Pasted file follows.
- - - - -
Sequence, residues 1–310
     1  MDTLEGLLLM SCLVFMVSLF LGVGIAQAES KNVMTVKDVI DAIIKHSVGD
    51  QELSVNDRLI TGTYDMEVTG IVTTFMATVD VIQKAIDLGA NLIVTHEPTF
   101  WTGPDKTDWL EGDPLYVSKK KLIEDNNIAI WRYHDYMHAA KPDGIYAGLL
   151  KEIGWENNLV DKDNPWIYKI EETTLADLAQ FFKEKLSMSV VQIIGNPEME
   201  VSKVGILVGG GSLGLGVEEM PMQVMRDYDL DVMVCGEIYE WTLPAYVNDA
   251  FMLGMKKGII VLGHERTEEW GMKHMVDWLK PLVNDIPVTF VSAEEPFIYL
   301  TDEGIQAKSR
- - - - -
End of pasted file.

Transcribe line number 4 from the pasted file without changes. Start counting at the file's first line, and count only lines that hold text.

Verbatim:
   101  WTGPDKTDWL EGDPLYVSKK KLIEDNNIAI WRYHDYMHAA KPDGIYAGLL